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Bin Laden documents include terrorist application

A translated copy of an application to join Osama bin Laden's terrorist network.AP

Documents seized from Al Qaeda leader Osama bin Laden’s compound during the raid in which he was killed include a fill-in-the-blanks job application for terrorist candidates that ranges from typical questions about education and hobbies to ‘‘Do you wish to execute a suicide operation?’’

The material was recovered in the May 2011 raid on bin Laden’s compound in Abbottabad, Pakistan, the Office of the Director of National Intelligence said. It said it was being made public after a rigorous review by government agencies, as required by a 2014 law.

The Al Qaeda job application that begins with the mundane, asking applicants to ‘‘please write clearly and legibly.’’


It asks conventional questions, such as has the applicant ever been convicted of a crime, before veering into more chilling territory, including: ‘‘What objectives would you like to accomplish on your jihad path?’’

Other questions include:

—"Any hobbies or pastimes?’’

—"What is your favorite material: science or literature?’’

—"Date of your arrival in the land of Jihad’’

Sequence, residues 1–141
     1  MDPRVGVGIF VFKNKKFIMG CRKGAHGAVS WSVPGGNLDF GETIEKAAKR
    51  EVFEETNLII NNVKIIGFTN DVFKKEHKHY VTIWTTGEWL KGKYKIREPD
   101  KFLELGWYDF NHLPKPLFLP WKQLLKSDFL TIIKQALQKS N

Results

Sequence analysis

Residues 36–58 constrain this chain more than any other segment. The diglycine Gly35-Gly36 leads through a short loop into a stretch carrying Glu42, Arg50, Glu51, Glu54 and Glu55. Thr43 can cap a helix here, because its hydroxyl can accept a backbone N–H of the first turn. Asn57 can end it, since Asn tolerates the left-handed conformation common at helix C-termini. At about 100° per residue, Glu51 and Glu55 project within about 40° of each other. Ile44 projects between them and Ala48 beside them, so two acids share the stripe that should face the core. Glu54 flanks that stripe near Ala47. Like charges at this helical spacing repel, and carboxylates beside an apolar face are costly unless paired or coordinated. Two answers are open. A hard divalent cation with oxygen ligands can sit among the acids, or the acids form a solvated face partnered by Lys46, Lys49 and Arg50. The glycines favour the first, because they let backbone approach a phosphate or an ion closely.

—"Have you ever been convicted by any court?’’ When and for what offense?

—"Do you have any chronic or hereditary diseases?’’

—"Do you wish to execute a suicide operation?’’

—"Who should we contact in case you become a martyr?’’ Provide address and phone numbers.

Other documents released Wednesday who that during his years in hiding, bin Laden wrote bittersweet letters to one of his wives and his children.

In one letter, bin Laden urges one of his deputies to inform ‘‘our brothers’’ they must keep their focus on fighting Americans. Their ‘‘job is to uproot the obnoxious tree by concentrating on its American trunk, and to avoid being occupied with the local security forces,’’ bin Laden writes.

Another bin Laden letter mocks President George W. Bush’s ‘‘war on terror,’’ saying it had not achieved stability in Iraq or Afghanistan and questioning why US troops were ‘‘searching for the lost phantom’’ — weapons of mass destruction in Iraq. No date is included on the US translation.


In a video letter to one of his wives, also described as bin Laden’s ‘‘last will,’’ he says, ‘‘Know that you do fill my heart with love, beautiful memories, and your longsuffering of tense situations in order to appease me and be kind to me.’’

US officials had said at the time of his death that they believed bin Laden had become so isolated in his hideout that he no longer exercised the level of control over Al Qaeda operations that he had in the past.

Read the terrorist application below: